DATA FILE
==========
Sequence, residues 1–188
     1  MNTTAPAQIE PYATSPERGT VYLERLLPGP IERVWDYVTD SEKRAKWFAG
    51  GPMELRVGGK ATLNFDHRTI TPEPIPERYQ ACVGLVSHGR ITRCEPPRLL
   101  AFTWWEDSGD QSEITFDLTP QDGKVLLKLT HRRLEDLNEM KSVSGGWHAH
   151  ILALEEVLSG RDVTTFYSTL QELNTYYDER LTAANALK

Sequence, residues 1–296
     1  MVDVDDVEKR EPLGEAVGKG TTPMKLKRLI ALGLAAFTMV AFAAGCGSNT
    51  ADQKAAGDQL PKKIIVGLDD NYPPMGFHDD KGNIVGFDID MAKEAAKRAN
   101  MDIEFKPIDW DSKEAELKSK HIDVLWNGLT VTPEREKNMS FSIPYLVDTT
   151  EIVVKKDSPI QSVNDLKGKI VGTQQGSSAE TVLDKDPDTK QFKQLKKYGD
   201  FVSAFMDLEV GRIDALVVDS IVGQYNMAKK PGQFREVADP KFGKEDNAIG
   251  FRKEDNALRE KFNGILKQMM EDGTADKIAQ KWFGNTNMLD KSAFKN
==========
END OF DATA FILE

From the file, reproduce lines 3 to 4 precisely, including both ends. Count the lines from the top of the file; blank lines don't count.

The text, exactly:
    51  GPMELRVGGK ATLNFDHRTI TPEPIPERYQ ACVGLVSHGR ITRCEPPRLL
   101  AFTWWEDSGD QSEITFDLTP QDGKVLLKLT HRRLEDLNEM KSVSGGWHAH